Springfield Armory is winding down their August Duel promotion, but there are still ways to win. This week it is the XD(M) Full Size 9mm. Contestants can submit entries once an hour, every hour. And even if you don’t win this contest, which most of us won’t, I’d suggest you give the XD(M) a look. This is an under-rated pistol, for sure.
Springfield Armory dominates several very different markets. They’ve cornered the market for the M1A. Their take on the John Moses Browning classic spans Mil-Spec 1911 A1s to high end, high-speed single-actions. And the XD-S is still still one of the most popular concealed carry pistols. Today, we’re taking a look at another gun from the XD family tree, the XD(M).
Recoil System One Piece Full Length Guide Rod
Trigger 5.5 – 7.7 lbs.
Sights Dovetail Front and Rear (Steel) 3 – Dot
Weight (with Empty Magazine) 29 ozs.
Slide Forged Steel, Melonite® Finish
Barrel 4.5″ Steel, Melonite®, Hammer Forged
Grip Width 1.18″
Frame Black Polymer
Magazines 2 – 19 Round, Stainless Steel
The XD(M) has some diehard fans. The follow-up to Springfield’s XD line has some updated features. To start with, the XD(M) has much more aggressive grip texture. A lot of what you’ll find in this pistol seems to address the desire for a more tactile gun. Not tactical, exactly, but that too. Every aspect of the XD(M) is designed for grip. Even the serrations on the slide are cut with more surface area for ripping the slide back.
Springfield now has a wide variety of polymer framed guns. The XD(M) isn’t exactly a middle ground. While the guns are slightly larger than the XD-S line, and thinner than the XD line, the XD(M) is more than the middle child. It is a solid performer. While it hasn’t caught on for everyday carry the way the XD-S has, it is making headway with competitive shooters. The gun has a very flat recoil that makes it fast. And the light weight makes it popular for those who carry guns more than they shoot them.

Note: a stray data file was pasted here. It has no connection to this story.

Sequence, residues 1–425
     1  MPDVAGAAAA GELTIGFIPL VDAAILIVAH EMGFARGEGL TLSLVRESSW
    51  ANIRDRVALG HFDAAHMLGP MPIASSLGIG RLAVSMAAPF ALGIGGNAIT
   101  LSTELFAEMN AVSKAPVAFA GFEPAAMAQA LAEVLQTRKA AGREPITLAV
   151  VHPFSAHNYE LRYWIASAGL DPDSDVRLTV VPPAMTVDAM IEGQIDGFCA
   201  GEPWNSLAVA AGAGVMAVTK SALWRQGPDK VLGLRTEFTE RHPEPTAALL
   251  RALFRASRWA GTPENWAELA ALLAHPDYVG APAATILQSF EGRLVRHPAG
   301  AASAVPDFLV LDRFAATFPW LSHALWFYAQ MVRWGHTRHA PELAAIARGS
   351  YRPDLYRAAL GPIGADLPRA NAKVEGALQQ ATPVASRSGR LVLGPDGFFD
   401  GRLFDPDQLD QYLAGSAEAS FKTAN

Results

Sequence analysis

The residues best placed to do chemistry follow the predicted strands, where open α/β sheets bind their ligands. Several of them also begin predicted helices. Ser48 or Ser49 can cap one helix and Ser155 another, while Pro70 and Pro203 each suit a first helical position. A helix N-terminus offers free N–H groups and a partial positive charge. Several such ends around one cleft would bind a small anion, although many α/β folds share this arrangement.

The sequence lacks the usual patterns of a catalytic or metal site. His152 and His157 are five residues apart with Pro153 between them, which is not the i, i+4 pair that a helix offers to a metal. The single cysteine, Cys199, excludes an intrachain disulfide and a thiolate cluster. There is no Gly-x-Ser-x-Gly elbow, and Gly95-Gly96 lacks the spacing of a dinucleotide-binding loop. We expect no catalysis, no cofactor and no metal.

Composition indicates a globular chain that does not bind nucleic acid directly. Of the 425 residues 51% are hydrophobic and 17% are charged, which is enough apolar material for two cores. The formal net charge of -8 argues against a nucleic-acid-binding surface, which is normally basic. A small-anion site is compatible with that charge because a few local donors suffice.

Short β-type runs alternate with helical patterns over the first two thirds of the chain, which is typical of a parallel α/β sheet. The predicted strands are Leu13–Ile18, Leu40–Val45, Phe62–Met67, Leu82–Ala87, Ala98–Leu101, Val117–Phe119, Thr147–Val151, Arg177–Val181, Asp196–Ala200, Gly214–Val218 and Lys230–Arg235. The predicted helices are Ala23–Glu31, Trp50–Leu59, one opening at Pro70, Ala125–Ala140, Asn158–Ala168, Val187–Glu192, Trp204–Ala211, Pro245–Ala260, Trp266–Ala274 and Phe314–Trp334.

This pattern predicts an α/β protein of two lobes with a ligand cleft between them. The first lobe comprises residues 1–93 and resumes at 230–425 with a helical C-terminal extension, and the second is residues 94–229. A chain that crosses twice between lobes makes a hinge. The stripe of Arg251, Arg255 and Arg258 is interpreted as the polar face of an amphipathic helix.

Another appeal is the way the XD(M) points. The grip angle is the same on the XD(M) as it is on a 1911, which feels more natural to some shooters. The deep concave at the back of the XD(M)’s grip puts the hand in line with the barrel. The grip sits fully in the hand, and deep in the web between your thumb and forefinger. This engages the grip safety while centering the recoil energy in your hand. The physics of this are easy enough to understand. While the slide still rides above your hand, the force of recoil is driven deeper into your grip instead of over your wrist. This cuts out on the tendency for the muzzle to flip up. It just pushes back. As such, you may not even break your sight picture after shots. I find that I can hammer home double-taps and longer strings with greater accuracy and speed than I can with most pistols of this size.
And that makes this a contender. Light, fast, and accurate. And affordable, too. If you aren’t a fan of the stark black, you can choose an XD(M) with a stainless slide, or even one that is olive green.
The other XD(M)s